How did Roosevelt work slowly against a policy of strict isolationism?

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Ashley Kannan eNotes educator| Certified Educator

There is a line of thought which indicates that Roosevelt clearly understood that the primary way to end the economic crisis of the 1930s would be through the mass industrialization and production caused by the United States' entry into war.  Yet, at the same time, the horrors of World War I, the uncertainty about where Europe was heading, as well as the inward focus of the United States citizens caused by the economic depression of the time prevented a full scale embrace of war.  Roosevelt understood the need to slowly move policy and perception towards the efforts of war in Europe.  The attack on Pearl Harbor allowed the complete galvanizing of US support that was needed to go to war.  However, before that Roosevelt was slowly moving towards war by supplying troops and weapons to England and the Allied powers in their war against the Axis powers.  Additionally, Roosevelt slowly moved America to war by recognizing Communist Russia. Understanding the land hungry drive of Germany, in particular, Roosevelt knew that when the time came to confront Hitler in befriending the Russians, he would have an ally.

pohnpei397 eNotes educator| Certified Educator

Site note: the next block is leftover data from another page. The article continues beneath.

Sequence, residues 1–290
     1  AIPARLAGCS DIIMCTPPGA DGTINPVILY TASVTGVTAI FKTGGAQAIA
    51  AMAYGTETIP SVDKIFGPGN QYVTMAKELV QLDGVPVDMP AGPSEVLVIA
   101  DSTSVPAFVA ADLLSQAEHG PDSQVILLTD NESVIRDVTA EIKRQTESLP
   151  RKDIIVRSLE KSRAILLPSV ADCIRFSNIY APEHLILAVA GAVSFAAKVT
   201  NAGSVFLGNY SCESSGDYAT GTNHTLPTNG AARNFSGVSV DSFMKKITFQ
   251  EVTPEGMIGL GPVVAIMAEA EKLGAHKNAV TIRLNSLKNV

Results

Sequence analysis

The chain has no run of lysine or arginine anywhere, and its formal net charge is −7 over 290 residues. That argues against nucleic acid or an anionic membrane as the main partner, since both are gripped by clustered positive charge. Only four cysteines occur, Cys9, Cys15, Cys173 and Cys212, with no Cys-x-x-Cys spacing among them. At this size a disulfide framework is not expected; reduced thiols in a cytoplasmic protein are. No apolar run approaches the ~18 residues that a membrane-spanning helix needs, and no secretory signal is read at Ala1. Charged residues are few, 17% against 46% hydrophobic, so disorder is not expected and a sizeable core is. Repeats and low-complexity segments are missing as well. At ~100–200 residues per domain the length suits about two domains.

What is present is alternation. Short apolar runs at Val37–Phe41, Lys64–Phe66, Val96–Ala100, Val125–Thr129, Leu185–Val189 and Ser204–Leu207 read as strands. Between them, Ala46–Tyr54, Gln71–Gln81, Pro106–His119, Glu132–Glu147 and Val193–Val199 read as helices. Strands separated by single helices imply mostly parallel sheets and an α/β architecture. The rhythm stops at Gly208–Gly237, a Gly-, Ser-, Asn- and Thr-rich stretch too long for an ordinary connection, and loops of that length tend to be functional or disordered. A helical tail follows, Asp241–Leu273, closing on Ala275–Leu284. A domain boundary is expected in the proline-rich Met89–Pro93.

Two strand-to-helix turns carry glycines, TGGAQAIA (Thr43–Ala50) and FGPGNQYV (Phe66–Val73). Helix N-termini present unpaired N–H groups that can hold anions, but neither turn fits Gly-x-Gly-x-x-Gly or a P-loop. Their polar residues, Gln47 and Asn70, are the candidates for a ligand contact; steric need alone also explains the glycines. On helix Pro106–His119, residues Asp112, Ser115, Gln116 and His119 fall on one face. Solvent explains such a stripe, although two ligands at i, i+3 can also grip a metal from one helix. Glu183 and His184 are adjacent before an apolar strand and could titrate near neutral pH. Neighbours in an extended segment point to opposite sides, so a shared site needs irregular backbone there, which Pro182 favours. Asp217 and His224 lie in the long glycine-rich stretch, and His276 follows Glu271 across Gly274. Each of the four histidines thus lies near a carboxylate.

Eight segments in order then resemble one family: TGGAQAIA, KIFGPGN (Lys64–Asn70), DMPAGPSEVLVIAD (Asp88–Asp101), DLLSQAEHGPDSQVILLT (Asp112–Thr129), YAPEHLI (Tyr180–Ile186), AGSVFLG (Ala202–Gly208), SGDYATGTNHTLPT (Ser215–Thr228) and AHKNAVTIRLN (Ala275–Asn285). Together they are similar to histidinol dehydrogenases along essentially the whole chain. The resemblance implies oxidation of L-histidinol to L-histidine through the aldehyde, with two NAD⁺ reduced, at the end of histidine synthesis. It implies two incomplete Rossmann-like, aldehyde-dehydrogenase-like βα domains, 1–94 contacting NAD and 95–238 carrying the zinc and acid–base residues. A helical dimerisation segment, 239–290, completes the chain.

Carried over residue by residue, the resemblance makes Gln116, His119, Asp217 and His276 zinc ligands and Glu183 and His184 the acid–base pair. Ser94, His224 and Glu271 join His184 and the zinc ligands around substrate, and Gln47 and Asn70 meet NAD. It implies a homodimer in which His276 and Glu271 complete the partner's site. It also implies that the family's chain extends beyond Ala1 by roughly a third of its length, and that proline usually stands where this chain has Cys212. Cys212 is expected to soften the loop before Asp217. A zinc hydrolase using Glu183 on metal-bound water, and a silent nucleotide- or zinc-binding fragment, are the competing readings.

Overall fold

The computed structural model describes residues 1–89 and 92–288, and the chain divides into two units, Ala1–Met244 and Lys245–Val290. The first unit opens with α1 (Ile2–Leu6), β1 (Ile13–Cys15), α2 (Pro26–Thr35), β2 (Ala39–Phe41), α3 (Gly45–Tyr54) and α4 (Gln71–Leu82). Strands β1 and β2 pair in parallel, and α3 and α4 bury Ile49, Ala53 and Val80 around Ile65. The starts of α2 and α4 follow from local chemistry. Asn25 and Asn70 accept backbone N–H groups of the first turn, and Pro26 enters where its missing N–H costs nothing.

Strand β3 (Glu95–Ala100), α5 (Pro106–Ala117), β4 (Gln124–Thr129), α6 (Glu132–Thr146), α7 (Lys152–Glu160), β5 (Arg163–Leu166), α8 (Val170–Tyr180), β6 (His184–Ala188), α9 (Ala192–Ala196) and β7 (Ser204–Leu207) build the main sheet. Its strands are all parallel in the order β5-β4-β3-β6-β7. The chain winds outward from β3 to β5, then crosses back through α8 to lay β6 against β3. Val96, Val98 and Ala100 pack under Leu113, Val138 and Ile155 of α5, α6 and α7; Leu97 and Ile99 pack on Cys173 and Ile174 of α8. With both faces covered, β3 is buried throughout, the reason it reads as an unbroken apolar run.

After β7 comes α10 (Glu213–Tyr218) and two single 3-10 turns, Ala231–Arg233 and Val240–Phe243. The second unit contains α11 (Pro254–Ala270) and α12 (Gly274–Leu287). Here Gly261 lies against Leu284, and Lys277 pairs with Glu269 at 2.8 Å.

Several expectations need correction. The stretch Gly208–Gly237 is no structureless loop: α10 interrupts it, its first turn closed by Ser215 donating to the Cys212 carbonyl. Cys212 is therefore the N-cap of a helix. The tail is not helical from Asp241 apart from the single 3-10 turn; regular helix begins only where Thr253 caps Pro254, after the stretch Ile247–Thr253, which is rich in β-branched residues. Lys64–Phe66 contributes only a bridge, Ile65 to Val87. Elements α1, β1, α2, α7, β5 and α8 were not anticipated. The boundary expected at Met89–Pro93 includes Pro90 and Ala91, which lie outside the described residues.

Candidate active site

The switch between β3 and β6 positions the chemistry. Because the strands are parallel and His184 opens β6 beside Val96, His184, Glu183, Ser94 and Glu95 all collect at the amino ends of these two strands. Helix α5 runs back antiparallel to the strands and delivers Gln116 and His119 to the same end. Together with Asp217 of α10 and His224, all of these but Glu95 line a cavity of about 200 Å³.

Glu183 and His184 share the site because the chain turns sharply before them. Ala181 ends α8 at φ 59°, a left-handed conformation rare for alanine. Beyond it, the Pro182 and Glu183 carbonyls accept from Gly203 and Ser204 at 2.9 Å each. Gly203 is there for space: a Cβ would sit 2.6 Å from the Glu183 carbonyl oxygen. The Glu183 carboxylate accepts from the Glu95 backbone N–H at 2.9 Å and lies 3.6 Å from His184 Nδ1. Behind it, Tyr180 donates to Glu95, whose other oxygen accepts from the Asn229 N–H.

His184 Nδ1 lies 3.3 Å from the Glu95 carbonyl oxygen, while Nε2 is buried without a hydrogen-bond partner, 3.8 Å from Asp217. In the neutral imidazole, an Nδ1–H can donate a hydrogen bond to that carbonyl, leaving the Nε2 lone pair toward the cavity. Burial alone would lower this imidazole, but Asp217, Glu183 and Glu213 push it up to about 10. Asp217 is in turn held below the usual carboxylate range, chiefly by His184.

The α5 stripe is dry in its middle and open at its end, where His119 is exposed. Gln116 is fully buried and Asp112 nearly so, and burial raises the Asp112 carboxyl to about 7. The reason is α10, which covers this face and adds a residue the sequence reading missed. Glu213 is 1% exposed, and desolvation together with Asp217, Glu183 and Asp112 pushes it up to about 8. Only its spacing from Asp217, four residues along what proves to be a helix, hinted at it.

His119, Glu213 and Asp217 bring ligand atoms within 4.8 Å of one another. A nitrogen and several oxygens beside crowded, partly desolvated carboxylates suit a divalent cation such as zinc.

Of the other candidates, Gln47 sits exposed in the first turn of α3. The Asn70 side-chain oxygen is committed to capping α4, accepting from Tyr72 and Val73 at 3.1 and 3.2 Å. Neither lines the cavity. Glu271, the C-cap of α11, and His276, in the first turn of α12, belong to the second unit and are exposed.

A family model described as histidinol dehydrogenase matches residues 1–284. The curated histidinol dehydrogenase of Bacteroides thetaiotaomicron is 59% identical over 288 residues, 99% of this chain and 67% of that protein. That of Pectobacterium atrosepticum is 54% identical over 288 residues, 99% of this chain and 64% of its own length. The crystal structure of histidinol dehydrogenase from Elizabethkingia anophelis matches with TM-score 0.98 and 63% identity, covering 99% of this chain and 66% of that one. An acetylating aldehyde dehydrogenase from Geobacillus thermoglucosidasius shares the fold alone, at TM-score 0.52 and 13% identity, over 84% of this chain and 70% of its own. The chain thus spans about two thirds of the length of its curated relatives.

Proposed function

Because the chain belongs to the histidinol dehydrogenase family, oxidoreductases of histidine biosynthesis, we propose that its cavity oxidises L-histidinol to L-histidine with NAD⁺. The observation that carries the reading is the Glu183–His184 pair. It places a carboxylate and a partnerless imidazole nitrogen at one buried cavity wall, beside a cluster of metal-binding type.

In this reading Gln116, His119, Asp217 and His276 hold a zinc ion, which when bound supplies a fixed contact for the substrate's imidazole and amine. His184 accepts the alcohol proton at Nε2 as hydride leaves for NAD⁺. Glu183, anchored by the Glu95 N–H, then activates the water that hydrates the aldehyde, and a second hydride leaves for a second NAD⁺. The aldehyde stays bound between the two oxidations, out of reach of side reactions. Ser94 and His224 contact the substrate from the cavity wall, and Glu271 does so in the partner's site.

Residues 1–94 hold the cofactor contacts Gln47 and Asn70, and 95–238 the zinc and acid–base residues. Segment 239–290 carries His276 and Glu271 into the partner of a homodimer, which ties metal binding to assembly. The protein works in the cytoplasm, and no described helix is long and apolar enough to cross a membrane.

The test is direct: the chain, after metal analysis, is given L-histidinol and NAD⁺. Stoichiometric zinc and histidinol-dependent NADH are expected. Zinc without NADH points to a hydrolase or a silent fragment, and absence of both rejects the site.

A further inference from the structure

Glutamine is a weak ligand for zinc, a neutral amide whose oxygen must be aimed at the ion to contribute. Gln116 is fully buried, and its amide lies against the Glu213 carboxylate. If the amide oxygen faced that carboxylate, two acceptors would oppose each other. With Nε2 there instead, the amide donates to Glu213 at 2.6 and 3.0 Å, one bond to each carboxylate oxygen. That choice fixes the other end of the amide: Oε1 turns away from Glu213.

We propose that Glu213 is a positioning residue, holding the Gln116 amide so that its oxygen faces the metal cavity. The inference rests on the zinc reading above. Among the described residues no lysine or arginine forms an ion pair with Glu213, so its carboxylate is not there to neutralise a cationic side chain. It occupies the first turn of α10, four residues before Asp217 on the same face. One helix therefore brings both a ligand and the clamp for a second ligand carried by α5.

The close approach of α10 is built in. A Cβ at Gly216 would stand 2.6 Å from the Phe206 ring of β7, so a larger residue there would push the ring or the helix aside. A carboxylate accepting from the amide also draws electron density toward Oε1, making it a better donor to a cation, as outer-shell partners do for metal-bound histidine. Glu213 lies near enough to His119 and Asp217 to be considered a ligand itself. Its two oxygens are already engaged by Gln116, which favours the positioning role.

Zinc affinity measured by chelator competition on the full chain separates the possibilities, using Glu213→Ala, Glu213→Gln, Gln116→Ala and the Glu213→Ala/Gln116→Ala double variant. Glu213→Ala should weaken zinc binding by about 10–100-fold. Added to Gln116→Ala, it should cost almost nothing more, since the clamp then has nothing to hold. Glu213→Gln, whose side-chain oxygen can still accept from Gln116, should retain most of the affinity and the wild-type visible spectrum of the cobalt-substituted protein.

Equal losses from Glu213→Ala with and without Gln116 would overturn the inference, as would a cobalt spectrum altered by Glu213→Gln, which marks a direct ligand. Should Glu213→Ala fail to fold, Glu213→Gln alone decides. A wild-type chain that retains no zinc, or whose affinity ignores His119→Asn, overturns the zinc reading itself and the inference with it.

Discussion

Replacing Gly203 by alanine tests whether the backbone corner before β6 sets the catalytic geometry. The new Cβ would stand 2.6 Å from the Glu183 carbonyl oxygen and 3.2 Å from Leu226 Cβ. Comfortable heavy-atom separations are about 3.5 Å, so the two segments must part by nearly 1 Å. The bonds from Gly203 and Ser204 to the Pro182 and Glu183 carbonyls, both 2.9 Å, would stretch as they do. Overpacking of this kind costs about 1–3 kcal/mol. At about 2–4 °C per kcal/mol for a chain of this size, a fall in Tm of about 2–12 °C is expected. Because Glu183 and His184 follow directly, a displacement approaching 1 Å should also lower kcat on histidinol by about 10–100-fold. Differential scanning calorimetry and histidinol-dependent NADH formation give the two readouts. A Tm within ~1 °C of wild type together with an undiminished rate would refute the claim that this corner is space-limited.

After WWI, and especially in the 1930s, the American public was very opposed to the idea of involvement in foreign affairs.  This was manifested in the Neutrality Acts that were passed during that decade.

After Hitler came to power and started to grab more and more of Europe, Franklin Roosevelt became concerned about the Nazis and wanted the US to do more to prevent their rise.  This was especially true after WWII started with the invasion of Poland.

During this time, FDR tried to move the US towards greater involvement.  The major things he did during this time were:

  • The Destroyers for Bases deal
  • The Lend-Lease Act
  • Using US warships to escort convoys as far as Iceland
  • The Atlantic Charter

All of these moved the US away from isolationism and towards involvement in WWII.

brettd eNotes educator| Certified Educator

Great answer above.  An additional thing FDR did to take us slowly out of isolationism was to sell weapons to Britain as part of the "Cash and Carry" program - whereby the British paid cash for American weapons, and then carried them on British ships.

In this way, America could plead that it was merely business, not an alliance, and the fact they were carried on British ships meant American ships would not be sunk by U-Boats, dragging us into war as it did in WWI.  Great idea, although Britain soon ran out of cash and ships, so FDR replaced that program with Lend Lease and the Destroyer Deal mentioned above.

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